Low amniotic fluid means that there is too little fluid around your baby in the uterus during pregnancy. The medical term for this problem is oligohydramnios.
Amniotic fluid protects your baby from being bumped or hurt as you move your body. And it keeps your baby at a healthy temperature. The fluid helps your baby move around in the uterus.
A low amount of this fluid can affect how the baby grows. It may lead to problems during labor and delivery.
Low amniotic fluid may be caused by:
Some of the symptoms may include:
Doctors use ultrasound to calculate the amniotic fluid index. This index is a way of measuring the amount of fluid in your uterus.
If you're near the end of your pregnancy, you may not need treatment. Depending on what's causing low amniotic fluid and how close you are to delivery, your doctor may want to try to start (induce) labor.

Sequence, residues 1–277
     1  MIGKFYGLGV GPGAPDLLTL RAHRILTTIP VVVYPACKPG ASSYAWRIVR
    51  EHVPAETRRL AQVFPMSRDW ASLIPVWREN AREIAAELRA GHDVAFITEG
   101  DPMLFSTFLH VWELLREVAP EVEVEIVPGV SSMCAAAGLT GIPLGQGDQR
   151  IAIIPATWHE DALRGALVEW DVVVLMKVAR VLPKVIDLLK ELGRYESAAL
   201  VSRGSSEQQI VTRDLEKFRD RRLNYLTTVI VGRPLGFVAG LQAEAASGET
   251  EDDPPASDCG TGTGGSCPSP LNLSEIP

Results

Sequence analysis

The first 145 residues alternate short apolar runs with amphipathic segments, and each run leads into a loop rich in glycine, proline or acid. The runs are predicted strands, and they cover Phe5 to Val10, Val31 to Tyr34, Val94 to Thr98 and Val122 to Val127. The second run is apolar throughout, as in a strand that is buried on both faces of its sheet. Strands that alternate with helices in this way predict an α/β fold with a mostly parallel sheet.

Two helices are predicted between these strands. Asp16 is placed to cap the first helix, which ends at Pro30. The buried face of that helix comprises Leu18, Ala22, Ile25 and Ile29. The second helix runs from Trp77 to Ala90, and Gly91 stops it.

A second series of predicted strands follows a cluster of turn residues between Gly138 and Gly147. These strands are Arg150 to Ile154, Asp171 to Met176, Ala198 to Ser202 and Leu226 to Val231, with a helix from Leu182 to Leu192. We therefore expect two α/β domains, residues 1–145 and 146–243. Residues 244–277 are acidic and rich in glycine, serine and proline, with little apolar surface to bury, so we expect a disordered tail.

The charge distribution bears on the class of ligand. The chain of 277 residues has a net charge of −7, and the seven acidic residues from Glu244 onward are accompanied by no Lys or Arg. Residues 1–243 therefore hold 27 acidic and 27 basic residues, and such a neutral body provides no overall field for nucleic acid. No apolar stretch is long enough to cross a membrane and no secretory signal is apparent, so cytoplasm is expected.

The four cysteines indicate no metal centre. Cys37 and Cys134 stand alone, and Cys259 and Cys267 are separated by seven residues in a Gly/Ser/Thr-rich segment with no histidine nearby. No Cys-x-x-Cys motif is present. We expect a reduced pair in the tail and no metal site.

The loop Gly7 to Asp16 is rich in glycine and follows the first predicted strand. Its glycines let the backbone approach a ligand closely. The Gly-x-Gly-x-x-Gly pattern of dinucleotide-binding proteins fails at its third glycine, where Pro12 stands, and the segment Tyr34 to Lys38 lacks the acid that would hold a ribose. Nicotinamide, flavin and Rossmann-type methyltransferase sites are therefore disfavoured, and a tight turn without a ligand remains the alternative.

You may be asked to drink more water, or you may be given fluids through an intravenous (IV) needle into a vein. Your doctor may want to see you more often.
ByHealthwise StaffPrimary Medical ReviewerKathleen Romito, MD - Family MedicineSpecialist Medical ReviewerRebecca Sue Uranga, MD - Obstetrics and Gynecology
Current as ofMarch 16, 2017
Current as of:
March 16, 2017
Kathleen Romito, MD - Family Medicine & Rebecca Sue Uranga, MD - Obstetrics and Gynecology
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Last modified on: 8 September 2017